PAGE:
Why Modinomic Hype Falls Flat on Facts

BY MAITREESH GHATAK AND SANCHARI ROY

Love it or loathe it, the Gujarat model of development under the leadership of Narendra Modi has set the terms of debate around the upcoming elections. To his supporters, a mandate for Modi will unleash the magic forces of Modinomics, his unique style of economic governance at the centre, and breathe life into the country’s stagnant economy. To his detractors, Gujarat’s growth story is a hyped-up PR campaign aimed at covering up a dark underbelly of poverty, inequality, and low levels of human development indicators.

What are the facts? There are many dimensions of economic performance and we could look at the level of per capita income, the growth rate of per capita income, human development indices (HDI) that put weight not only on income but also on non-income parameters like education and health, level of inequality, percentage of people below the poverty line, and many others. Which index we choose to emphasize reflects either our preferences as to the aspect of economic performance we value the most, or our views as to which dimension has to be improved (say, per capita income) for bettering the dimension we care about (say, poverty alleviation).

Let us first take the most obvious indicator, per capita income level. Over the last three decades, Gujarat’s rank has hovered around fourth, behind Punjab, Haryana and Maharashtra. And while Gujarat’s rank improved to third position in the 2000s, so did Maharashtra’s, from third to first. More interestingly, the rise of both states was matched by a fall in Punjab’s rank to seven.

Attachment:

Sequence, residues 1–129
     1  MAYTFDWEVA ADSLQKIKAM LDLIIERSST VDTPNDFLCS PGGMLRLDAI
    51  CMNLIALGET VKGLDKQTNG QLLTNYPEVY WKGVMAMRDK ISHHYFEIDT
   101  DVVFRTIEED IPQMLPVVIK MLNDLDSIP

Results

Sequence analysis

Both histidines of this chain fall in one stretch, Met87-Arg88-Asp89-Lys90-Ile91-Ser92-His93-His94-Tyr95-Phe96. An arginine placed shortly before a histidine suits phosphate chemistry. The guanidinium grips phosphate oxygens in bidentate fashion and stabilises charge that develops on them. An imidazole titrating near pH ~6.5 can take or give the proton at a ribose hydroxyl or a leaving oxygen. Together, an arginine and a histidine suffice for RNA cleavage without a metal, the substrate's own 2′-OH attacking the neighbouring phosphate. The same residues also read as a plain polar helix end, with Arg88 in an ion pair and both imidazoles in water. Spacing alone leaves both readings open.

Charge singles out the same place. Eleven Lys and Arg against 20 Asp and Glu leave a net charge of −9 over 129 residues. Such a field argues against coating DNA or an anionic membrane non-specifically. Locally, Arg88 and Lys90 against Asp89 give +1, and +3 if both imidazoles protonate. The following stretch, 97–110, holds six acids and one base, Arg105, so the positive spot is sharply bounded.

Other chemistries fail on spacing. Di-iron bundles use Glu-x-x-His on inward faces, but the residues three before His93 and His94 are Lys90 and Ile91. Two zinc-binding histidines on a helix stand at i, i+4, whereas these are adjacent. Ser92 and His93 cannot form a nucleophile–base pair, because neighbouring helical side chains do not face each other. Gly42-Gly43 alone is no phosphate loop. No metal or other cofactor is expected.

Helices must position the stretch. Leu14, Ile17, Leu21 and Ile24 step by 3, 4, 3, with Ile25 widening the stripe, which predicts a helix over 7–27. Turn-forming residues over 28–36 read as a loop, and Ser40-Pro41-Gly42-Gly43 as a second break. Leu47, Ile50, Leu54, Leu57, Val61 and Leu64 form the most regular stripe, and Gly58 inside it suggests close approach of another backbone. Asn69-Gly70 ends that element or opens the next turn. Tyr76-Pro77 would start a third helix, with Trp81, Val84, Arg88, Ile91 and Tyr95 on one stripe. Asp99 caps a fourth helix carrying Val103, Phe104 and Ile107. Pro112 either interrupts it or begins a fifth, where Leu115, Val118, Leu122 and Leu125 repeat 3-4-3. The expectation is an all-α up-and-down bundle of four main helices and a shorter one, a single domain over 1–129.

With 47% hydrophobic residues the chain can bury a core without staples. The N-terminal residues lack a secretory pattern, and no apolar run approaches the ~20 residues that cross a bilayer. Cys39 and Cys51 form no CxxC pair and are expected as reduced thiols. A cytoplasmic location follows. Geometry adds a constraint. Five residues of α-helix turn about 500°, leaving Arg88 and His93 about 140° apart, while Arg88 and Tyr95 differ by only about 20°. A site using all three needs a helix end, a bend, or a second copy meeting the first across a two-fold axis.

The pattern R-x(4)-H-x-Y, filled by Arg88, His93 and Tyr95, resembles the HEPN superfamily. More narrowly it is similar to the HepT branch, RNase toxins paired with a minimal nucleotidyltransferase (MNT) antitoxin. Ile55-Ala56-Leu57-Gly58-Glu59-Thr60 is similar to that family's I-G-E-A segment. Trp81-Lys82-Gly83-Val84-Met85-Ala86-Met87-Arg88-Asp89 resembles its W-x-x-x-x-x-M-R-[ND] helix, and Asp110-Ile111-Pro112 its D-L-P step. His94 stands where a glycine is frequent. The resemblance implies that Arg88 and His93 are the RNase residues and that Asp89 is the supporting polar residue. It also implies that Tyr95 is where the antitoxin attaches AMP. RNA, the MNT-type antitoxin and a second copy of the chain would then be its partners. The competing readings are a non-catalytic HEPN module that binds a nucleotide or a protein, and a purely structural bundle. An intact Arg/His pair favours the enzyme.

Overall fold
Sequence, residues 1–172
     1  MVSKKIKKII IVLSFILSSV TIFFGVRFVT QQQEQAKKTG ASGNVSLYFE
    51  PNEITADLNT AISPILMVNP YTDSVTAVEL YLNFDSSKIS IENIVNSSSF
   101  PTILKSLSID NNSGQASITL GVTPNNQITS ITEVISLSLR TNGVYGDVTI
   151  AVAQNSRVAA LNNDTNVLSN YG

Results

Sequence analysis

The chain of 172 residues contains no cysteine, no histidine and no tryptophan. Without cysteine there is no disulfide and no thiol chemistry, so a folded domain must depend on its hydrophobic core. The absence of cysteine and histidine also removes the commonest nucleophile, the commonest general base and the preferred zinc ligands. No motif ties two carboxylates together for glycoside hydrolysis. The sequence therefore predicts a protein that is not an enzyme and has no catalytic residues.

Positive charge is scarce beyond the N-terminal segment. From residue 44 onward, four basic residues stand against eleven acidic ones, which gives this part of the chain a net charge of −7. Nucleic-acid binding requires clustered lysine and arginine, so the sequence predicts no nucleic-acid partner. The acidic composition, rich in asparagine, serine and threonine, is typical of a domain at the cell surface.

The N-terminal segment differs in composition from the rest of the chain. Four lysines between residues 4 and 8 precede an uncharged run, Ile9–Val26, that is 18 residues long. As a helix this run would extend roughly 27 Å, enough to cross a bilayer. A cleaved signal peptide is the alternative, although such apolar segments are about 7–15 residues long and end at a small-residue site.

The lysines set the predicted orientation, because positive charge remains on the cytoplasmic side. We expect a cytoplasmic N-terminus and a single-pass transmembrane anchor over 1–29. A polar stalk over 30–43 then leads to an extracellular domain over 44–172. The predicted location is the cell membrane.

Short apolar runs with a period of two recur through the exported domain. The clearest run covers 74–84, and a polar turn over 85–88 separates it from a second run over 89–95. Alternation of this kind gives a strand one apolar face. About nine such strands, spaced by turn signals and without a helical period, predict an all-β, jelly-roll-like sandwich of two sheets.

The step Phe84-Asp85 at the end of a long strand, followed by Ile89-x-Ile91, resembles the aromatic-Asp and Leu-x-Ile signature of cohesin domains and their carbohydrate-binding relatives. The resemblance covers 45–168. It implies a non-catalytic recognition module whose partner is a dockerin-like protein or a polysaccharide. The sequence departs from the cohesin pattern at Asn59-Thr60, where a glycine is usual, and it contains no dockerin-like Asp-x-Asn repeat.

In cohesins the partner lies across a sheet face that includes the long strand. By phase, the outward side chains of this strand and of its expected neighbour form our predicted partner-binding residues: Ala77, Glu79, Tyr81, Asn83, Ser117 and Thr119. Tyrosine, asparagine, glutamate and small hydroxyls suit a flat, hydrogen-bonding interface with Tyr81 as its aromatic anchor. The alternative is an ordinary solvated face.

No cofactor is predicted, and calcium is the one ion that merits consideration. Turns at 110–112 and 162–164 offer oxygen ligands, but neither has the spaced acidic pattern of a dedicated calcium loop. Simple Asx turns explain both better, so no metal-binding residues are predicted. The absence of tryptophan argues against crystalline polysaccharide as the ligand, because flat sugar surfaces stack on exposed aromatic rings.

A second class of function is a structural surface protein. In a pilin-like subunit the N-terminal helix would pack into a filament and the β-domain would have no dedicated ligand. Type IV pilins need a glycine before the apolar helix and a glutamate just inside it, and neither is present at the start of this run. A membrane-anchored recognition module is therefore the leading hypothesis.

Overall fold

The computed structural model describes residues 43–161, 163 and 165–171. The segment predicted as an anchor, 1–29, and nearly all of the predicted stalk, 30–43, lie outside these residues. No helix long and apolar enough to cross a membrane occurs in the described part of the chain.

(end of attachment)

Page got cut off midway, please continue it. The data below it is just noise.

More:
Now, let’s turn to the growth rate of per capita income, supposedly a strong point of Modi’s economic score card. A lot of people argue that Gujarat has grown faster than the rest of India during the 2000s, and present this as clinching evidence of the power of Modi’s economic model.

There are two problems with this argument. First, there are other states that have done the same. Gujarat, Maharashtra and Haryana have been going neck to neck at the top of the growth rate rankings over the last three decades. Yet, no one talks about the Maharashtra model or the Haryana model of development. Singling out Gujarat for praise, while ignoring the rest of the leading contenders, seems disingenuous.

Second, Gujarat’s growth rate was higher than the all-India level in the 1980s and 1990s as well. To establish the claim that Modi had a transformative impact on Gujarat in terms of growth rate of per capita income, we have to show that the differencebetween Gujarat’s growth rate and that of the rest of India, actually increased under Modi’s rule, and more so compared to other states.

Gujarat’s growth rate in the 1990s was 4.8 per cent compared to the national average of 3.7 per cent. In the 2000s, it was 6.9 per cent compared to the national average of 5.6 per cent. Thus, the difference between Gujarat’s growth rate and the national average increased only marginally, from 1.1 percentage points to 1.3 percentage points. A good performance? Yes. Justifying the hype? No, as Maharashtra, the top ranked state in terms of per capita income in the 2000s, also improved its growth rate from 4.5 per cent in the 1990s to 6.7 per cent in the 2000s. The difference between Maharashtra’s growth rate and the national average increased from 0.8 percentage points to 1.1 percentage points, which was similar to Gujarat’s. Thus, Gujarat did not show any signs of accelerating any faster in the 2000s than before, and nor was it the only one at the top of the league.